After two years of pandemic-fueled valuations, public market climbs and billions in venture funding, bloated tech companies big and small are now trimming their workforces as the economy slows.
More than 91,000 people have been laid off from the U.S. tech industry so far this year, per a Crunchbase News tally. Every week brings about several thousand more job cuts in the industry, at both large tech employers and smaller venture-backed startups.
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But the future of hiring in the industry is brighter than you might think, according to consultants, recruiters and data firms watching the tech labor market.
When will layoffs end? When we see more down rounds.
Startups that raised capital at inflation valuations in 2021 are more likely to need to conduct layoffs in 2023.
That’s because those companies unable to grow into their frothy new valuations and can’t raise additional capital without risking a down round may need to slash payroll — often the biggest expense, by far — to extend runway.
“You’re going to keep cutting your headcount until you can grow into it. And we haven’t seen many down rounds yet,” said Nolan Church, CEO of consulting firm Continuum and former people’s executive at Carta and DoorDash.
Down rounds are logistically and financially challenging for startups, especially for employees who recently left the company with stock options in hand. Down rounds tend to reduce the value of the startup’s holdings, weakening company morale. They’re also not always possible — venture firms are being more selective about the investments they make, even at lower valuations.
“We have been proponents of companies taking their medicine now and doing a down round,” said Healy Jones, an executive at startup consulting firm Kruze Consulting. “But in order to really pull that off, you still have to be a company that is doing well. There are companies that raised Series Bs right after raising a Series A. In my mind, those companies just barely had Series A metrics.”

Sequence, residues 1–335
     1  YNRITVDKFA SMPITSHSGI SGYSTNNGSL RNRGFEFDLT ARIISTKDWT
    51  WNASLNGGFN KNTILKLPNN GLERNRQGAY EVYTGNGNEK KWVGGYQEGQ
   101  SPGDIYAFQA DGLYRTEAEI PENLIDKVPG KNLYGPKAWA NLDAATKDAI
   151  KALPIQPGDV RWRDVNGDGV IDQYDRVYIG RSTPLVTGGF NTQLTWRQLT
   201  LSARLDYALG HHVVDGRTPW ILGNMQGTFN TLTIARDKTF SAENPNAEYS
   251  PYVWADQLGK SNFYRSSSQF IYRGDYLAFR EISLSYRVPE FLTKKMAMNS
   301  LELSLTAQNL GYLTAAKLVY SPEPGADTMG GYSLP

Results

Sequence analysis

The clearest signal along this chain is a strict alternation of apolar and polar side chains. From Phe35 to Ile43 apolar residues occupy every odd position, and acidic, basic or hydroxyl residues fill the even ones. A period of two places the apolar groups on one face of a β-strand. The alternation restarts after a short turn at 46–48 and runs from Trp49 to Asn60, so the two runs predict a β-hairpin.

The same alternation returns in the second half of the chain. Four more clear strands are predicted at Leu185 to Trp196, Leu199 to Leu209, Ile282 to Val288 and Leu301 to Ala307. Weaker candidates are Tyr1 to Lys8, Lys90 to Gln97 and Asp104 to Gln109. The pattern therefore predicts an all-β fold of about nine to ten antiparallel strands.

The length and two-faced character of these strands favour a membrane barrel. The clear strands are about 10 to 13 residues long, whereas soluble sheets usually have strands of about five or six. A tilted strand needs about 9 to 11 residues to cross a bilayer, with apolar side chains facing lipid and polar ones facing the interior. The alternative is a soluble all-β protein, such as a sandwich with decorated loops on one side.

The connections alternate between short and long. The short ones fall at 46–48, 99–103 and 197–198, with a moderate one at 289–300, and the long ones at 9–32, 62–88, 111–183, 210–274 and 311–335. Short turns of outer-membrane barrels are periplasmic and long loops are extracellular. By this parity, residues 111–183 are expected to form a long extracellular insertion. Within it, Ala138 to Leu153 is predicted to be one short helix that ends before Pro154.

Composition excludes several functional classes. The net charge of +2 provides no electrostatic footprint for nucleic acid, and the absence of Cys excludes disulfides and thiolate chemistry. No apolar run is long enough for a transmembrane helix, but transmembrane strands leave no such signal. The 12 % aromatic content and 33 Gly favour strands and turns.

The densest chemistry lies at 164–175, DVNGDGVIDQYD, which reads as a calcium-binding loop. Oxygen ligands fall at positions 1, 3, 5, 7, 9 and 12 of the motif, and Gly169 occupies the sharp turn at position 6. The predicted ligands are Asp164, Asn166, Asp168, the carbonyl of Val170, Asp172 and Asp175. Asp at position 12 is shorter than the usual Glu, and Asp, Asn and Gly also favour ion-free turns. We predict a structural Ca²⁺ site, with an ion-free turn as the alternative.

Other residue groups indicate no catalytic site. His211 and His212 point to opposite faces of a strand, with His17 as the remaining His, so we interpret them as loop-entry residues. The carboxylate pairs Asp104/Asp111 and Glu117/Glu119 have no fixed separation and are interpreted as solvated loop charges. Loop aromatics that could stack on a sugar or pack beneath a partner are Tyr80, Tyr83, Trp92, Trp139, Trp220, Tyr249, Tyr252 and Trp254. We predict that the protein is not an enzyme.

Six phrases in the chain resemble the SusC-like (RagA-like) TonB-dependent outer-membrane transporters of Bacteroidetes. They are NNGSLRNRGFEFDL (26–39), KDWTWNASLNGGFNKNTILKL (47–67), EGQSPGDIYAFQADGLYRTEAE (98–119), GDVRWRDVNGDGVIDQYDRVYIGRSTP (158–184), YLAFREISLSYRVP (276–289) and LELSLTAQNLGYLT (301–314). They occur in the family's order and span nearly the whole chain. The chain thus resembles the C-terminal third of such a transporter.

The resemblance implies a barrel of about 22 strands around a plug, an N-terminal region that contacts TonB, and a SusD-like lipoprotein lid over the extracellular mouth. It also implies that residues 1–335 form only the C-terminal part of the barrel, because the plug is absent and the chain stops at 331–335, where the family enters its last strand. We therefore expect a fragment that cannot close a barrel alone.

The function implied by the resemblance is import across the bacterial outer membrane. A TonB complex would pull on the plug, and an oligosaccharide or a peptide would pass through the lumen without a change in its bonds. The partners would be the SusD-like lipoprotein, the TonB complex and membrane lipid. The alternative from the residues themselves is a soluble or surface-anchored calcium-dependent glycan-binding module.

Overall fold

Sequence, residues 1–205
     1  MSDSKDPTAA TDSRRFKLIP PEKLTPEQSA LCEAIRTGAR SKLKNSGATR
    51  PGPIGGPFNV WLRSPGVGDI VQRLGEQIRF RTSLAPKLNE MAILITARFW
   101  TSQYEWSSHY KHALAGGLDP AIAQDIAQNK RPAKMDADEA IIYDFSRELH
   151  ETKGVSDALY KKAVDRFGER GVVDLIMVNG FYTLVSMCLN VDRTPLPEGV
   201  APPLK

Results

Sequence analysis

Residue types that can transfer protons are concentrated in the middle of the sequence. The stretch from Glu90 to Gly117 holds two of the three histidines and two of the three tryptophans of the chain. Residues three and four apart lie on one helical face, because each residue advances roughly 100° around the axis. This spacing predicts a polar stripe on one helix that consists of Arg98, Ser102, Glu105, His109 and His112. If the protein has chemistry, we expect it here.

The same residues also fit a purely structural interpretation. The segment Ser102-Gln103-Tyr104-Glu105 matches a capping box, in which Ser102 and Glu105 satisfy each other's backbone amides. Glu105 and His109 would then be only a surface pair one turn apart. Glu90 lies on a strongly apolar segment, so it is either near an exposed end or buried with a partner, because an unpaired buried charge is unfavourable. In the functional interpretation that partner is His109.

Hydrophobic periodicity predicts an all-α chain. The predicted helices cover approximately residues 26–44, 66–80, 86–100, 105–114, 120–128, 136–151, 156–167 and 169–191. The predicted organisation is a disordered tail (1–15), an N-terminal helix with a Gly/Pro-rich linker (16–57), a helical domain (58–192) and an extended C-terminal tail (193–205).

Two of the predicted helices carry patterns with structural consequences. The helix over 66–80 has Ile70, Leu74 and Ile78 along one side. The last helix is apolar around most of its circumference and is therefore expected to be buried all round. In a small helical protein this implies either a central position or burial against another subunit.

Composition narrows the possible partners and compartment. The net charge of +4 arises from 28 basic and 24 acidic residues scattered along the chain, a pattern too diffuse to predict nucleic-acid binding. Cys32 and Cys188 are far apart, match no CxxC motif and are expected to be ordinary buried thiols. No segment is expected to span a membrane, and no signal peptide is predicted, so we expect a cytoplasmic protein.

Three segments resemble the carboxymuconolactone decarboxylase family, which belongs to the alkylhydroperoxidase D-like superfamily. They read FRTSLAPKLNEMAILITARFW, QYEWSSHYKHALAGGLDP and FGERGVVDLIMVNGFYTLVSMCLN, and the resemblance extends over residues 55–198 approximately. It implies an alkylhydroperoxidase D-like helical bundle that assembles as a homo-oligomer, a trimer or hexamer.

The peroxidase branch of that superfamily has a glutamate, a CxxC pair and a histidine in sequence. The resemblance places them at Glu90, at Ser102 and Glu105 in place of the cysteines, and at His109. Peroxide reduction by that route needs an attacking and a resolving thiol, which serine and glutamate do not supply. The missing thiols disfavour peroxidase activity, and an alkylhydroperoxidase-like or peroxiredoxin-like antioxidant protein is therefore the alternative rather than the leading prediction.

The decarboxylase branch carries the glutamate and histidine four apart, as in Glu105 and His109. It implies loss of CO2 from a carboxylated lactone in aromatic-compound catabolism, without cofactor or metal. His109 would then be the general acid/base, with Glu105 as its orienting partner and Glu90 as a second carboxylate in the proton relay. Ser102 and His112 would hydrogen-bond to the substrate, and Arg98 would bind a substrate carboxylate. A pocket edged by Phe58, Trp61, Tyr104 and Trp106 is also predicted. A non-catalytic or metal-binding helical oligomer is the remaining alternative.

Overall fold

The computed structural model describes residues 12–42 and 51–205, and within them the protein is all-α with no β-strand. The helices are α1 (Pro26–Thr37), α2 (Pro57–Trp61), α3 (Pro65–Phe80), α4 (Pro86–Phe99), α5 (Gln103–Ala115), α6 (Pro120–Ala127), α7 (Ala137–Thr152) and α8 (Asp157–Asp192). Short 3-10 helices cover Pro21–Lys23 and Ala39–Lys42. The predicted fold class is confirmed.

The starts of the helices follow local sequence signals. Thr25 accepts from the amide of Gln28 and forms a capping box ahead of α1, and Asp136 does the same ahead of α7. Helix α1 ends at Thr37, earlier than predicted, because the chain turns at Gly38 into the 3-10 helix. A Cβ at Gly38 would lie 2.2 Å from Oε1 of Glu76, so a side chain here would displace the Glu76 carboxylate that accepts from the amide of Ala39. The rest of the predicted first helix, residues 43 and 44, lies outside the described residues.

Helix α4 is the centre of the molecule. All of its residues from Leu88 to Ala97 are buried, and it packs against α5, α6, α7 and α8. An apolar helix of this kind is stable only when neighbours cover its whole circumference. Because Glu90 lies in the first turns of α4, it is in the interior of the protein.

What roles are getting cut? Depends on company size.
Headlines have been dominated by massive layoffs at large tech companies, and the data shows it too. Per our layoffs database, 50% of this year’s U.S. tech layoffs occurred in November — when Big Tech companies including Twitter, Meta and Amazon cut tens of thousands of people from their payrolls.
“These earlier layoffs were dominated by small and medium sized tech companies, while layoffs since September have been some of the tech giants,” Reyhan Ayas, a senior economist with Revelio Labs, said in an email. “It seems that the latter still keep their hiring channel open, while the former seem to close off their hiring more.”
Jones said he’s seeing his startup clients cut roles in talent recruiting and sourcing first, followed by marketing folks. Startups tend to be more hesitant to let go of engineers who, despite the tech downturn this year, are still in short supply and highly valued, he said.
“Those people have been so hard to hire recently that I would imagine companies are going to not get rid of engineering and research to that same extent,” Jones said.
Good news: Laid off workers are finding new jobs fast
Despite industry wide layoffs, there are still more than 375,000 tech jobs in the U.S. that need to be filled going into 2023, according to a new report from tech insights firm Dice. That would mean there are 4x as many job openings as there have been layoffs recorded in our database this year.
“I’ve heard anecdotally many times that tech workers that are laid off are getting rehired within a week or two,” said Dice CEO Art Zeile. “In fact, the joke is it depends on how much time they want to take off.”
Other data also seems to support that: Per Revelio Labs, 70% of laid off U.S. tech sector employees since March 2022 have been able to find a job within three months of being unemployed. That number has been steadily climbing — in October, 75% of laid off workers found a new job within three months.
Salaries for U.S.-based tech roles skyrocketed between 2020 and 2021, representing a 6.9% year-over-year increase, according to Dice data. That was in part due to a tech labor shortage that forced companies to increase their compensation and provide robust benefits packages to hire and retain valuable employees.
As it turns out, 52% of laid-off workers have found a new job with a higher salary, according to Revelio Labs. Those in sales, software and marketing are faring better and quickly getting new jobs compared to those in HR and communications.
Many of the large companies conducting mass layoffs are slashing more jobs than strictly necessary in order to prepare for a worst-case scenario. Some of them actually hire employees back — but getting rehired may take months as the market recovers. Companies also don’t tend to onboard previous employees until at least six months later, due to legal implications around workforce cuts.
“One of the guidelines is that you should not be hiring for the same jobs that you did a reduction for, for at least six months,” said Jason Walker, founder of tech-focused Thrive HR Consulting. “Typically, employees that were let go don’t get hired back into the exact same position. Maybe they’ll come back, but if they come back they’ll come back into a different position.”
Illustration: Dom Guzman
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